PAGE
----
Snake Game with JavaScript. Part 1

This is part of the course “Snake Game with JavaScript”.

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GitHub Repository and Deployed Game

In this course, we will build a Snake Game with JavaScript without using any libraries. We will utilize functional and immutable programming, learn canvas rendering, applications of vectors, and basics of game development. You can find the source code in this GitHub repository, and check out the game here.

In the first part of this series, we will write all HTML and CSS and implement a few utility functions that we will often use in the game.


In the HTML file, we will have a header with text that shows current and best score of the player, and container to which will be attached canvas.

Besides HTML file, we will also have one file with code for the game and one file with styles that we are loading via link and script attributes.


We have nothing fancy in styles. To make content take the full height of the page — we are making the height of html and body equal to100%. Our goal is to make the game look cool on any screen size, to do so we will make text size in percents.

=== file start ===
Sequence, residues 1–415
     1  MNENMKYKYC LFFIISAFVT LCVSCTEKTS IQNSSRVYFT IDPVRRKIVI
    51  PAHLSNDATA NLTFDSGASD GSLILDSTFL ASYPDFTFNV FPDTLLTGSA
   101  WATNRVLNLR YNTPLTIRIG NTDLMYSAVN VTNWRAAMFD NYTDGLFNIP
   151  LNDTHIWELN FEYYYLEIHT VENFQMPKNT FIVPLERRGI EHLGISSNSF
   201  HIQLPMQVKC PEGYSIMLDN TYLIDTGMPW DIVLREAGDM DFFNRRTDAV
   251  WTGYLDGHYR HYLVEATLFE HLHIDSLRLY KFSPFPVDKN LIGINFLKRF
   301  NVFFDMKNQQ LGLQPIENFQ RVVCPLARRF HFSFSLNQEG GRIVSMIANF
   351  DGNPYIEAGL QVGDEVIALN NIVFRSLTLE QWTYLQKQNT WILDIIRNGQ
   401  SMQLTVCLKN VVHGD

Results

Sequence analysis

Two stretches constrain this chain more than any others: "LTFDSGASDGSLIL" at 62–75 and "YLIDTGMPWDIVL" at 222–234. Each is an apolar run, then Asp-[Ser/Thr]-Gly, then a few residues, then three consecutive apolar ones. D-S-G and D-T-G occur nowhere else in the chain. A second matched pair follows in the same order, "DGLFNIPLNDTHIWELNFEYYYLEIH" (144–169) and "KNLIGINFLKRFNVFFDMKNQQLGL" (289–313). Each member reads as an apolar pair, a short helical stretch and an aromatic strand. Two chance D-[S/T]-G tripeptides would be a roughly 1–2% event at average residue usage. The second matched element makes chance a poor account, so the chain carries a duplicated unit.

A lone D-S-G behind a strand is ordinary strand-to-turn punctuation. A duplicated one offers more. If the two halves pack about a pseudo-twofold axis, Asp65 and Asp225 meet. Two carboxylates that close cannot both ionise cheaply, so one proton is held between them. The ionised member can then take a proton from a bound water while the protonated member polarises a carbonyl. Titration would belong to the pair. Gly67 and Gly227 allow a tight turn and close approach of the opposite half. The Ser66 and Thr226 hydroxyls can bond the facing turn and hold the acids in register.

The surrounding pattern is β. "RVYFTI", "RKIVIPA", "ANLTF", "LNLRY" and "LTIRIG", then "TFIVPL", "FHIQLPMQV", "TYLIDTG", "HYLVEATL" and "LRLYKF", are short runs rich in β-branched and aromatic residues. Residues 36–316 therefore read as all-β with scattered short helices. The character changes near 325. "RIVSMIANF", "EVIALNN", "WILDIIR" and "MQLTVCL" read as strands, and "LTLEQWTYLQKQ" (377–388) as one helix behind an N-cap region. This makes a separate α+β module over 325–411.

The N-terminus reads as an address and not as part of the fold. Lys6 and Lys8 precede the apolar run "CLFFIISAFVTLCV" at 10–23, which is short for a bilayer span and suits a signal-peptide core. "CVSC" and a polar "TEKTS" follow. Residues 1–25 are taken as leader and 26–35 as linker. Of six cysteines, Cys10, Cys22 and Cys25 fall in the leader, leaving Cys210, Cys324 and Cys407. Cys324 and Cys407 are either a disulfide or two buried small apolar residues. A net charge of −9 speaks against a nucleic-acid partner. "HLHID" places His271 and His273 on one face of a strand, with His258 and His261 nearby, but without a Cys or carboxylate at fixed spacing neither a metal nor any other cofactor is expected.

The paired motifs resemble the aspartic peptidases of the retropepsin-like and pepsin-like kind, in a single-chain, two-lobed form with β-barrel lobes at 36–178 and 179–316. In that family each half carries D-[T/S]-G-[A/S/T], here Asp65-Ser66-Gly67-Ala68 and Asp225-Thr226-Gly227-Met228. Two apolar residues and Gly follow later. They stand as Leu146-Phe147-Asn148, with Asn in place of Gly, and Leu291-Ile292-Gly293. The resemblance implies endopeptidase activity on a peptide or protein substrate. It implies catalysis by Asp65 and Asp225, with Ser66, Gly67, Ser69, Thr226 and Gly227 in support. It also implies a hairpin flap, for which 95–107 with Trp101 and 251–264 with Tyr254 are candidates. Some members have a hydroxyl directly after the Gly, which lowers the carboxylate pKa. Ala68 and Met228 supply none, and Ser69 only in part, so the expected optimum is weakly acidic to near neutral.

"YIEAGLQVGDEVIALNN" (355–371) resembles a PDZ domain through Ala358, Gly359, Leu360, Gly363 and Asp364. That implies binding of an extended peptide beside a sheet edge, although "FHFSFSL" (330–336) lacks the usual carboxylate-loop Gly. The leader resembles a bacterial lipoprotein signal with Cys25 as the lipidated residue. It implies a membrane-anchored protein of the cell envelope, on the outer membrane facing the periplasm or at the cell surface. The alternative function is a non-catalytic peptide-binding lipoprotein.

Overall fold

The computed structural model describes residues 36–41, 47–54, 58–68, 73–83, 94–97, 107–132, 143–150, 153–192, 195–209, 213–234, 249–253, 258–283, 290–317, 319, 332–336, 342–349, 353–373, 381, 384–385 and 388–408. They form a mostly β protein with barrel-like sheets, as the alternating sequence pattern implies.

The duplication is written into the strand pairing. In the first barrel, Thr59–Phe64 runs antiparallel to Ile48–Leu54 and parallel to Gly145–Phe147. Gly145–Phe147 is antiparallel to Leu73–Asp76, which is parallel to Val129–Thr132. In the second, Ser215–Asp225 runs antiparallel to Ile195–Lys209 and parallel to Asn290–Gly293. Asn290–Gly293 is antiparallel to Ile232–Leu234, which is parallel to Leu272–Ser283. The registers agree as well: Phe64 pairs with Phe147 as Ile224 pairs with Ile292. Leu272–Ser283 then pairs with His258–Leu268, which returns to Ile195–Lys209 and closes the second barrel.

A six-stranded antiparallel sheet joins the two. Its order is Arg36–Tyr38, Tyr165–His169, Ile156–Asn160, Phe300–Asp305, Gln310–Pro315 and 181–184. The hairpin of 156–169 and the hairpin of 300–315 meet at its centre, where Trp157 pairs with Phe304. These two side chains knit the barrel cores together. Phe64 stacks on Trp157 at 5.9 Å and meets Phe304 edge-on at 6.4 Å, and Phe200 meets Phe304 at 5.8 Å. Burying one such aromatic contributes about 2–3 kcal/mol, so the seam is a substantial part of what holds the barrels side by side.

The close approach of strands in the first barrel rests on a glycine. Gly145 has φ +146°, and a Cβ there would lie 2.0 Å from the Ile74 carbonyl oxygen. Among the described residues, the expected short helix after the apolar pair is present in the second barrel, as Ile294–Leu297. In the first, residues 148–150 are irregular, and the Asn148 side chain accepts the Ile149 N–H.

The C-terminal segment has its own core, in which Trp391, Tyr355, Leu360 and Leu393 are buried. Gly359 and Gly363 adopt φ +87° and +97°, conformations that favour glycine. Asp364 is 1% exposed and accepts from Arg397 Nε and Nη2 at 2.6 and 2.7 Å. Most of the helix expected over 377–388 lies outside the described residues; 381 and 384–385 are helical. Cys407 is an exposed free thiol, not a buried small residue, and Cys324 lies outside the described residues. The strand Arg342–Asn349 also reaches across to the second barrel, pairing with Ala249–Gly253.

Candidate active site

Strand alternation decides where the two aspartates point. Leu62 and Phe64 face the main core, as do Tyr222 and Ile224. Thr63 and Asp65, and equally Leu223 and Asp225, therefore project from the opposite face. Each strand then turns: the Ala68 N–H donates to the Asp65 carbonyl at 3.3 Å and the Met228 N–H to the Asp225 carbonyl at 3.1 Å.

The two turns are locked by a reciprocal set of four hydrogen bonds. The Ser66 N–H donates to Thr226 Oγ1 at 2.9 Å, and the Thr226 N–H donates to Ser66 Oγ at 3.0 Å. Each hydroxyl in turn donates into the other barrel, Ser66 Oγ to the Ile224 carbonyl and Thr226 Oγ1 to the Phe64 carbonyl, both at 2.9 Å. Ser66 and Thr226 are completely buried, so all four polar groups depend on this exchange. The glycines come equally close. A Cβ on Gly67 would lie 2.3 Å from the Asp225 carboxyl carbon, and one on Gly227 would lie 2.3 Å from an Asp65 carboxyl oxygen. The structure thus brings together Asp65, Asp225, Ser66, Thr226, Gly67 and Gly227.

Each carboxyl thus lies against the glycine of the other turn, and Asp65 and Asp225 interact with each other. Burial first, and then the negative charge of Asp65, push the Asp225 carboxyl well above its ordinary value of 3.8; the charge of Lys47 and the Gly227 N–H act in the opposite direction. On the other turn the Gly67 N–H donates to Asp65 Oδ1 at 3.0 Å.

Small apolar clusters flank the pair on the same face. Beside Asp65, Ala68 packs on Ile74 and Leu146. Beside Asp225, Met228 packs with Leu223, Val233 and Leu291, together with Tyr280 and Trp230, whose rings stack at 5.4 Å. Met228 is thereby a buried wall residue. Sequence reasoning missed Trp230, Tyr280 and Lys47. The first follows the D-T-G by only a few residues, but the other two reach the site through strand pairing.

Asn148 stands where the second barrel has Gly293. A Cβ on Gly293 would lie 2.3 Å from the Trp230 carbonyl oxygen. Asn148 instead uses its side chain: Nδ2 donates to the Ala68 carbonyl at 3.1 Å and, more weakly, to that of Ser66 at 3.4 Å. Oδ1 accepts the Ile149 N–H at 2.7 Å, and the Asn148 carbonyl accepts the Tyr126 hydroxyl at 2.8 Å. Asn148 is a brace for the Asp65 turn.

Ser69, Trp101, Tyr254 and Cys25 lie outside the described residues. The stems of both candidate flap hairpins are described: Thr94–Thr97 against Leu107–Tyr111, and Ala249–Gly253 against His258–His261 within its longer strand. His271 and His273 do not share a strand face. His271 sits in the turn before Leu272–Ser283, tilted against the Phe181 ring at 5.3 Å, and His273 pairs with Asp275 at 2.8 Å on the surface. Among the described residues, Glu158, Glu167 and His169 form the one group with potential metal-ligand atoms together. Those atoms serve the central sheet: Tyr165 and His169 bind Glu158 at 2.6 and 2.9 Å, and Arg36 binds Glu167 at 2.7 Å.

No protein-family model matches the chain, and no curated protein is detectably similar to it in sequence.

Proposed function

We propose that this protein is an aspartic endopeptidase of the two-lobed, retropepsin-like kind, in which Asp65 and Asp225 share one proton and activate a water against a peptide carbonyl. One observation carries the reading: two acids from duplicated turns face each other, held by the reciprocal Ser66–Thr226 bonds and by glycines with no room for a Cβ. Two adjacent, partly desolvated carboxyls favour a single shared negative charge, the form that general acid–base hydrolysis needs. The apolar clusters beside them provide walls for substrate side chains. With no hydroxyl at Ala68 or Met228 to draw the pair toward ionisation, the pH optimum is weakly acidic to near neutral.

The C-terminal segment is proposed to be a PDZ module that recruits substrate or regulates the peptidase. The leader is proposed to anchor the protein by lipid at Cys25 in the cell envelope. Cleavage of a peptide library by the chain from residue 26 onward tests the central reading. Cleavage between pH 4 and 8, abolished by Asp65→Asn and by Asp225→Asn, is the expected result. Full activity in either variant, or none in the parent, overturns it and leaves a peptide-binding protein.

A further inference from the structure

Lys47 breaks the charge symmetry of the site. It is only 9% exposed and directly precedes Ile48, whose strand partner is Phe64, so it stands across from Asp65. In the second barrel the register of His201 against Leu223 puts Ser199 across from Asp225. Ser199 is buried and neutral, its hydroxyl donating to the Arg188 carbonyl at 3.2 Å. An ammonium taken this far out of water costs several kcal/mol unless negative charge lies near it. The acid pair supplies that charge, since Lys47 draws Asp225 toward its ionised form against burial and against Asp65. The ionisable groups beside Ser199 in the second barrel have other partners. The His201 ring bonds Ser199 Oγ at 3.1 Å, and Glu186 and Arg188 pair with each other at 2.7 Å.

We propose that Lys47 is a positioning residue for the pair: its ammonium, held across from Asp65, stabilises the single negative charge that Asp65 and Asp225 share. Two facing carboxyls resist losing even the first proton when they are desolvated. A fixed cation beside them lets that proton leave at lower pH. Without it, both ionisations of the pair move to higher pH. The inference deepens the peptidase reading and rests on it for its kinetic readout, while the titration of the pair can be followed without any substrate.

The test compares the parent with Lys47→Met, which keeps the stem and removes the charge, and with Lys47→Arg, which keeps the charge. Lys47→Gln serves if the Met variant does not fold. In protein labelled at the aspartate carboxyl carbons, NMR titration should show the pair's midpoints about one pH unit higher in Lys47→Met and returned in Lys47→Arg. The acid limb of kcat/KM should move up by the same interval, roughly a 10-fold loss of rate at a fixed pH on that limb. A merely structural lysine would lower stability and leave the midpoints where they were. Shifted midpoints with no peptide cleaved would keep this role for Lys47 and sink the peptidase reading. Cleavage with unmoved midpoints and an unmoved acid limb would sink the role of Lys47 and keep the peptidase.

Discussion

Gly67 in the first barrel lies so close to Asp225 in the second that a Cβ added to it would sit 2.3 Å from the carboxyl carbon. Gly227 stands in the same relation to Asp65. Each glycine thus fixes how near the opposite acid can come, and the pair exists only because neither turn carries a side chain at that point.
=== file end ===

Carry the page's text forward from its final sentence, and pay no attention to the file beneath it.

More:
Most boring stuff is done and we won’t come back to the index.html and styles.css later in this series.


Since we don’t use any libraries in this project, we won’t have a tool that will bandle our .js files in one. Also, we have not a big game so it will be alright if we will put everything in one place. To not lost in the JavaScript we will use VSCode feature that allows folding parts of the code via comments that start with #region and ends with #endregion.

At the end of the series, we will fill each region and make an exciting snake game.

General Utils

We start by creating a few utils that we will use in different parts of the game.

Below you can see examples of what they do.

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getRandomFrom([1, 2, 3, 4])
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getWithoutLastElement([1, 2, 3, 4])
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getLastElement([1, 2, 3, 4])

The last function is checking if two float numbers are equal, by checking if their absolute difference is smaller than some super small number.

In this part, we’ve finished with HTML, CSS, and general utils. The commit with these changes you can find here. In the next part, we will implement Segment and Vector classes. Stay tuned!

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